• understanding the causes of clinically and socially significant problems experienced by children with neurodevelopmental disorders and their families
  • developing an early intervention strategy to prevent the development of these problems.
  • Understanding and reducing sleep disorders in children with developmental delay

    Cerebra have awarded additional funding to the centre to conduct research that will describe and assess sleep disorders in three groups of children at the highest risk for severe and persistent sleep problems:

  • children with Angelman syndrome
  • children with Smith-Magenis syndrome
  • children with intellectual disability and autism spectrum disorder.
  • The contrasting nature of the sleep disorders will allow the project to:

  • identify critical points for intervention that are disorder-sensitive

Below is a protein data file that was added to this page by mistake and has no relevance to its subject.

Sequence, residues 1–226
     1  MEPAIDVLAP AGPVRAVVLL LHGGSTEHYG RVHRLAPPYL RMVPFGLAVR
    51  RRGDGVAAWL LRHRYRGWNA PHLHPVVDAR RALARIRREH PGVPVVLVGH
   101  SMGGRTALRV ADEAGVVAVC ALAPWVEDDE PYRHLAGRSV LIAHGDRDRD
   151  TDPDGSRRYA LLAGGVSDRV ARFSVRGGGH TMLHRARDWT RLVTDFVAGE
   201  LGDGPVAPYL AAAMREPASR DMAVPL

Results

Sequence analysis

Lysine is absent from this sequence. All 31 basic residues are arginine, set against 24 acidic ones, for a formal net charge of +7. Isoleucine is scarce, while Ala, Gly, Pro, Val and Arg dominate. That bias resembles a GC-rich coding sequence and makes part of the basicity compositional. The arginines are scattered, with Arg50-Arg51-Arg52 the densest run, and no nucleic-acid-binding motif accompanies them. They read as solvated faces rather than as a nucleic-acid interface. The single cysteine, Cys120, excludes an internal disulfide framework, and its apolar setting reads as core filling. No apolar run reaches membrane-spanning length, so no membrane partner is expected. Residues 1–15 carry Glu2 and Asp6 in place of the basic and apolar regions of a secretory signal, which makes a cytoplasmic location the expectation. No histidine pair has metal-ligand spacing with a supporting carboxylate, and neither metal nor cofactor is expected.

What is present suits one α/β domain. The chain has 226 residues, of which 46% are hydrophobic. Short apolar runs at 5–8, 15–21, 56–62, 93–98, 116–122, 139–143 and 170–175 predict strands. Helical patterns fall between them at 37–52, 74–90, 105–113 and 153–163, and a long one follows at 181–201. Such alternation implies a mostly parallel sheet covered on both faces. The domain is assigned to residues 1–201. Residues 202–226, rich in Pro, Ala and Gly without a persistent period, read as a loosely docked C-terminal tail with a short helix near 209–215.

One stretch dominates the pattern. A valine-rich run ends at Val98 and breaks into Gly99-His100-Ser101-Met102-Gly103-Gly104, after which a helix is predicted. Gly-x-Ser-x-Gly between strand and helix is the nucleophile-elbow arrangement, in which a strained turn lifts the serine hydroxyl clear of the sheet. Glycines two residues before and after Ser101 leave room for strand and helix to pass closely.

• compare and contrast the effects of different types of sleep disorders on parental wellbeing and physical health
  • develop and trial disorder-sensitive sleep assessment protocols
  • evaluate the effects of behavioural management in proof of principle studies
  • develop cloud and internet resources to facilitate assessment, sleep consultancy, intervention and dissemination.
  • The study of sleep disorders in these three groups affords the opportunity to describe the relationship between different types of sleep disorders in children and their relationship to disturbed sleep, stress, poor physical health and coping in parents. These research findings will be invaluable to inform the Cerebra Sleep Service.

    Further Inform Neurogenetic Disorders (FIND) website development

    Cerebra also co-fund a website project with the Economic and Social Research Council (ESRC), led by the Cerebra Centre for Neurodevelopmental Disorders, that aims to get these research findings about rare genetic syndromes to families and professionals quickly and effectively. The website is named ‘Further Inform Neurogenetic Disorders (FIND)’, and will be launched in September 2014. Keep an eye out for the launch!